Students represent stages in the food system during a Chef in the Garden lesson.

Students represent stages in the food system during a Chef in the Garden lesson.

by Dean Zatkowsky

In April, Orfalea Foundation Chef Instructor Janet Stevenson and Explore Ecology Environmental Educator Maggie Iba offered a Chef In The Garden program at Aliso Elementary School in Carpinteria, California.

Students harvest beets under the supervision of Environmental Educator Maggie Iba.

Students harvest beets under the supervision of Environmental Educator Maggie Iba.

Children learned about food systems and the way food is grown, processed, transported, retailed, and consumed. They also got to harvest beets from their own school garden, and watched with fascination as Janet and Maggie showed them how to pickle beets they had just pulled out of the ground.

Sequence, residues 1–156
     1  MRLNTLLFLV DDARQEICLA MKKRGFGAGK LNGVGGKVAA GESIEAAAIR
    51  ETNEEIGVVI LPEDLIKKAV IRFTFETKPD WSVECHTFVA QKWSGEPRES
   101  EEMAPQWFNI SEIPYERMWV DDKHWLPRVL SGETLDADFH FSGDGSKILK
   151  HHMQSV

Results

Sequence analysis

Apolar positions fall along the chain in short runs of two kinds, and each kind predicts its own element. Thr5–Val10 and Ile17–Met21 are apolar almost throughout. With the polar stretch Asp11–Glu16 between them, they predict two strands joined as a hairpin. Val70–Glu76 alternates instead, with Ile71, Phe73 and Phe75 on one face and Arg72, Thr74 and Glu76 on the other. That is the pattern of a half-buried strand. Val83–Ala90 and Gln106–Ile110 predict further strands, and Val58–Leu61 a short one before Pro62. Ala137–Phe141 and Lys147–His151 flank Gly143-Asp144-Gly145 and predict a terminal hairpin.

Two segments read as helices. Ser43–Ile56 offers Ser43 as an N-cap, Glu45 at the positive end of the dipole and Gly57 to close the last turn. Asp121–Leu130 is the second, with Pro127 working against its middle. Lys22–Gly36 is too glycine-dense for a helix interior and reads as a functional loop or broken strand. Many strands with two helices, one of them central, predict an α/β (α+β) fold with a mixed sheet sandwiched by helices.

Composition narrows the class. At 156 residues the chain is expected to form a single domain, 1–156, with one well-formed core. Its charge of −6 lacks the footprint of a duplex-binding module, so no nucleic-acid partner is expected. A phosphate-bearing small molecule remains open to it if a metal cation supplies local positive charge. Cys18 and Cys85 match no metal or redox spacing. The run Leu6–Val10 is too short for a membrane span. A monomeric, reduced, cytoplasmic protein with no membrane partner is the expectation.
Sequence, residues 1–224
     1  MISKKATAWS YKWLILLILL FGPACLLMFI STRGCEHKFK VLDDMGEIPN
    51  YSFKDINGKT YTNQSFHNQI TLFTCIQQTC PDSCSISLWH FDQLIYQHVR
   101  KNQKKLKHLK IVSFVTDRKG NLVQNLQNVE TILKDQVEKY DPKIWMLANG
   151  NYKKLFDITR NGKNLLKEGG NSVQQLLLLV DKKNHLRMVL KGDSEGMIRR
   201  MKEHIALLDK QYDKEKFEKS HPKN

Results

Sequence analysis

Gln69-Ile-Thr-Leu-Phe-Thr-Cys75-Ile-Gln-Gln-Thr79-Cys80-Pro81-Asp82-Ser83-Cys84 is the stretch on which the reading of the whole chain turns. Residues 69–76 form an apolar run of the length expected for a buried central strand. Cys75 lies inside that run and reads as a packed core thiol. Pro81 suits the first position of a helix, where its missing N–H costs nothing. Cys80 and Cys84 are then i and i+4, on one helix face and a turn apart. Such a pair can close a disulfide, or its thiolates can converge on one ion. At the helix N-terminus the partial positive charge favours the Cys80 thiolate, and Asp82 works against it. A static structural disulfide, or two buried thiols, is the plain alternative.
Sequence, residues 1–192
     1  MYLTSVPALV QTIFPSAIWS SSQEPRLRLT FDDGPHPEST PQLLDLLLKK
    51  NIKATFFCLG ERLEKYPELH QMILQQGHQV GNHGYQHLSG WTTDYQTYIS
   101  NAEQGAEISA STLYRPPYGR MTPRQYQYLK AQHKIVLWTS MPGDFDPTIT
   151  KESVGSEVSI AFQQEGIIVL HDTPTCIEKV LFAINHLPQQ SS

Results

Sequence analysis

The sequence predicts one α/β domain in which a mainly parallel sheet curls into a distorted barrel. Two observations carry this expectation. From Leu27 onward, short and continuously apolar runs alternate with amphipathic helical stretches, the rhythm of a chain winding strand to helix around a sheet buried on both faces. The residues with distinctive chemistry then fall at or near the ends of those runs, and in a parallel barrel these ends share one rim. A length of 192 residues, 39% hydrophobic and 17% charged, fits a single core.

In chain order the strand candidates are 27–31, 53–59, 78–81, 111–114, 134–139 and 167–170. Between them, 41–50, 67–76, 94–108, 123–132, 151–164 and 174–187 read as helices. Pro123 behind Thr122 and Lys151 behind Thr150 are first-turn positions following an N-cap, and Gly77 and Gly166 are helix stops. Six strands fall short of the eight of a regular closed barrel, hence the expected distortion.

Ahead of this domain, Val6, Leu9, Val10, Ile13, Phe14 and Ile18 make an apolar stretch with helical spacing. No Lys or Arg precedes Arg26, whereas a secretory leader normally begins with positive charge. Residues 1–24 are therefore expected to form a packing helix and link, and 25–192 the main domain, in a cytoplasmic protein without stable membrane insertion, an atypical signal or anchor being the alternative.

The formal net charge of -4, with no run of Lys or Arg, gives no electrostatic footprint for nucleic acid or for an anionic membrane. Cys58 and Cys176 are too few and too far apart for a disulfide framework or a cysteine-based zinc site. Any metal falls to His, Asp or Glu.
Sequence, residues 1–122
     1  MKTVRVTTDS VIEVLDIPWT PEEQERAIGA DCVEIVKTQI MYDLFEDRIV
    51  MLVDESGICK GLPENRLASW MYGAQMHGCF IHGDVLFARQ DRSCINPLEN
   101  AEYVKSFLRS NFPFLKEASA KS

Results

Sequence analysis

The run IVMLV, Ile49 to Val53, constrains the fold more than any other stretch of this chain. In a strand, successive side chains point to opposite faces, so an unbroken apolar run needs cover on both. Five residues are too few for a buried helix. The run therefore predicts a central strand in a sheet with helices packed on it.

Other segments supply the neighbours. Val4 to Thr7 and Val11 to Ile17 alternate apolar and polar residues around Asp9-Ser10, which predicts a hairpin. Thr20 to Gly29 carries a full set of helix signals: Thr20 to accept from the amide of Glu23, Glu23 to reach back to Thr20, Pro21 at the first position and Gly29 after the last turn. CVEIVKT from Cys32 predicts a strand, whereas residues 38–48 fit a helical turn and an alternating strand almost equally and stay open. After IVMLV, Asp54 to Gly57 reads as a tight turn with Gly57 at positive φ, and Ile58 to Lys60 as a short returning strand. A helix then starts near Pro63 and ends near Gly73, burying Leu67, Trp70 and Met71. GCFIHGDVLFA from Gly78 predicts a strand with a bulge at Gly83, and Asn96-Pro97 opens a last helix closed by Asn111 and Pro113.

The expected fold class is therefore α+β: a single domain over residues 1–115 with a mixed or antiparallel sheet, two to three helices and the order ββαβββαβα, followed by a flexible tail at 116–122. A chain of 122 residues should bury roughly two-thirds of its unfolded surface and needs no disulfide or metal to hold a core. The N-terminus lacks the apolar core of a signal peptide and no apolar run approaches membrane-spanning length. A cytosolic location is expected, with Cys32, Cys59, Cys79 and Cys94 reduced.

Chef Janet describes parts of the beet plant, before preparing it for pickling.

Chef Janet describes parts of the beet plant, before preparing it for pickling.

Here’s what most impressed this visitor at the event: When the children were allowed to sample pickled beets, they jumped at the chance and even asked for seconds. Now, I don’t know about you, but I was a picky eater as a kid, and even the words “pickled beets” would have grossed me out. But Janet and Maggie did such a great job showing these kids how to make a delicious snack from a plant growing in their own garden, the kids were enthralled and enthusiastic.

Students investigate the pickling ingredients.

Students investigate the pickling ingredients.

Participation – and the example set by adults around them – make a big difference in a child’s receptivity to new foods. The Chef in the Garden program involves the kids and demystifies where real food comes from, opening their minds – and palates – to new food experiences. There are many good reasons to build gardens in schools and yards, but helping children make healthier food choices throughout their lives is at the top of my list. And if any of you are picky eater adults, remember to set a good example by trying new foods with your kids.

Outdoor learning, fresh produce, and happy kids.

Outdoor learning, fresh produce, and happy kids.

Dean Zatkowsky is Communications Manager for the Orfalea Foundation

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